Anglers list a variety of lures as their all-time favorites

A few weeks ago, I asked readers to tell me about their all-time favorite lure and why.


Carl Bogo e-mailed that he fishes the Savannah River more than Thurmond Lake and loves to fish the Beetle-Spin.

“I’ve caught bream, perch, bass, catfish and what the river is famous for – eel. Yep, I once caught one about two feet long.”

Larry Johnson, who likes to fish the Merry Land Brickyard Ponds, said one of his favorite lures was the (Heddon) Crazy Crawler. This is a lure that sported metal “wings” on both sides of its head.

“When I was a little boy, I would go fishing with my daddy and grandfather at the brickyard, We would fish it around bulrushes and willow trees. In the spring, the red-wing blackbirds would build their nests around that cover and we would cast the lure around them. When the baby birds took flight, they’d hit the water a few times.

“As you know, the Crazy Crawler looks like a baby bird wobbling across the water. The big sow bass would lie around and wait. When the lure started to move, its two ‘wings’ flapping, the bass would ‘destroy’ it.”

Rocky Stewart, of Wadley, Ga., said that “without a doubt, the best bass-catching lure I have is a 30-year-old bullfrog-colored Devil Horse.

“I use it first when I get on a pond early in the morning and last if I fish in the evening. On still water, nothing beats the anticipation of a strike of a largemouth bass on a Horse.

Bass have hit it as soon as it lands in the water after a few twitches, or even while being reeled in next to the boat. I have found it works well when the wind gets up a little and the water gets a little choppy, no matter what time of day.”

• The late Jack Wingate, of Bainbridge, Ga.; depth finder guru Carl Lowrance, of Tulsa, Okla., and west coast tournament fisherman Mike Folkestad, of Orange, Calif., were inducted into the Bass Fishing Hall of Fame last Friday. Legendary guide Wingate operated Lunker Lodge on Lake Seminole for many years.


Fishing Report


William Sasser’s Guide Service, (Capt. William Sasser, Capt. Bradd Sasser, Capt. Andrew Tubbs, U.S. Coast Guard-licensed, full time professional guides specializing in crappies, hybrids and striped bass). (706) 589-5468 (William), (Bradd) (706) 267-4313, (Andrew) (803) 507-5083 – We were able to get in just a couple of trips in between inclement weather fronts last week. The lake has moved up, breaking the 321-foot mark (9 feet down) and water temperatures are hovering in the mid 50s. Plenty of downline hybrids are being caught at the 40-foot level off main channel points from Parksville to the dam on both Georgia and South Carolina sides. The most aggressive fish bite has come from daylight until 10 a.m., and then a steady bite continues throughout the day. The aggressive bite picks up again from 4 p.m. to shortly after dark. Some really nice stripers are being caught in Soap Creek and in South Carolina’s Little River, hitting gizzard shad and herring fished behind planer boards. Crappie fishing remains good, but depths vary from 15 feet to 30 feet down, depending upon how warm the day is. Expect them to get shallower as surface water temperatures heat up. Anglers enjoying their outings with us included Larry and Jane Trimble, of Aiken; Andy Kitchens, of North Augusta, and Jonathan and Tammy Burg, of Waynesboro, Ga.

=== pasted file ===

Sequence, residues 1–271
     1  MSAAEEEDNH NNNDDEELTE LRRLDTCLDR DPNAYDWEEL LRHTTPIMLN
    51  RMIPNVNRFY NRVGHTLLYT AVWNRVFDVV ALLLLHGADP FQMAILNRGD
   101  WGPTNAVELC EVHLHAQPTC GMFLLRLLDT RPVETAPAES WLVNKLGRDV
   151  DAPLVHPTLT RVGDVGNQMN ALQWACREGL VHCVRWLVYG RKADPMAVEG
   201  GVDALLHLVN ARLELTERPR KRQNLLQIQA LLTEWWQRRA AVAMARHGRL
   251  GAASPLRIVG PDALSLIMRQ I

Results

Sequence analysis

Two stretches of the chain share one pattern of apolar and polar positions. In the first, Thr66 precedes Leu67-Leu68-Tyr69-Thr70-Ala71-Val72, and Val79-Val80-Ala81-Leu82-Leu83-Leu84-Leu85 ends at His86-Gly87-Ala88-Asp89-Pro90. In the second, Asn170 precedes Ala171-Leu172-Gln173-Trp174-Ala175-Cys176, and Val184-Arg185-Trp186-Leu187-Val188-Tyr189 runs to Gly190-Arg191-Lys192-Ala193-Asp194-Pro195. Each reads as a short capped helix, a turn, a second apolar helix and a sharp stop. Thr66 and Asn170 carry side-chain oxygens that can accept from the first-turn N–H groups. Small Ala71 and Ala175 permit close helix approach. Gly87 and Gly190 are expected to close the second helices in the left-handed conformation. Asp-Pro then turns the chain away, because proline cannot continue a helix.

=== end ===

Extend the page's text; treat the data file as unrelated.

Check out our Facebook page for up-to-date pictures.




Carter and Hunter Morris, licensed professional guides specializing in fly fishing for rainbow, brook and brown trout. (706) 833-1083 ( ( georgia) – Due to heavy rainfall this week, the better trout fishing has been on some of the high elevation creeks. Pink and red San Juan Worms are usually productive when rain has stained the water and this week was no exception. It’s also an excellent time to strip streamers from upstream and by doing so, it provides an opportunity to go after the bigger trout hiding under cut banks and logs.




Check-in station, 1408 Doug Barnard Parkway, Gene Kirkland, (706) 722-8263 – Plans are being made to hold a bowfishing tournament on the ponds. Anyone who has the knowledge of how to operate such an event is asked to call Gene Kirkland. Last Saturday’s bass tournament was postponed, but it will be held this week. The tournament runs from 7 to 11 a.m. Memberships are still available. See Gene for details.

Brickyard report: Paul Wolf caught 20 bass in two days in the Membership Pond on crank baits. Gene Simms caught 36 crappies and four bass in the Garden Pond on minnows and jigs. Brandon Prickett caught eight bass on plastic lizards and spinnerbaits in the White Elephant Pond. Helen and Kim Palmetto caught eight crappies, 12 catfish and one bass on minnows and worms in the Ditch.

Gil Murray caught 16 crappies, five catfish and three shellcrackers in the Expressway Pond on minnows and worms. Dale Shepard caught 48 crappies and two bass on minnows and jigs in the Cornell Pond. James Knight caught 16 catfish, three shellcrackers and a bass on worms and liver in the Expressway Pond. Roland Kirkland caught 53 crappies, one bass and three catfish on minnows in the Stick Pond.

Lock and Dam (Savannah River) report: Tyrone Davis caught three channel catfish – the biggest 12 pounds – on nightcrawlers. Claude Dailey caught eight shellcrackers, six crappies and two catfish on worms and minnows. Richard Curls caught two bass and a striper on spinnerbaits. Cecil and Debbie Lewis caught six bream, three shellcrackers and four crappies on minnows and worms. Sarah Johnson caught nine bream, two catfish and five shellcrackers on wax worms and liver.



Fri, 11/24/2017 - 23:58

Thomson falls to Blessed Trinity

Fri, 11/24/2017 - 23:59

Gamecocks are ousted in quarters